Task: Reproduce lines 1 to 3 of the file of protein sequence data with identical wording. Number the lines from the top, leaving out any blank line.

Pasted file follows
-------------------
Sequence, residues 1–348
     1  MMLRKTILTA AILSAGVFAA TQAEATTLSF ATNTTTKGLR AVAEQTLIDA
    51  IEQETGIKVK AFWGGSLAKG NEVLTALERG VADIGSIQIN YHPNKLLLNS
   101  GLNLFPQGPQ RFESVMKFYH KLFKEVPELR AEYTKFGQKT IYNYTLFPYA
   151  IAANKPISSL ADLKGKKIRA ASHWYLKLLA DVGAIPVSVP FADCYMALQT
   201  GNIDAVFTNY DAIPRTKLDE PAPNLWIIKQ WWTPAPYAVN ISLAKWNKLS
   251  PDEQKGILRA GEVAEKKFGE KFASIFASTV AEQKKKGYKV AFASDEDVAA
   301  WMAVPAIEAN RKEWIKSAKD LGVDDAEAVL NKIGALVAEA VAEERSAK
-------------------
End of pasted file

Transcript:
Sequence, residues 1–348
     1  MMLRKTILTA AILSAGVFAA TQAEATTLSF ATNTTTKGLR AVAEQTLIDA
    51  IEQETGIKVK AFWGGSLAKG NEVLTALERG VADIGSIQIN YHPNKLLLNS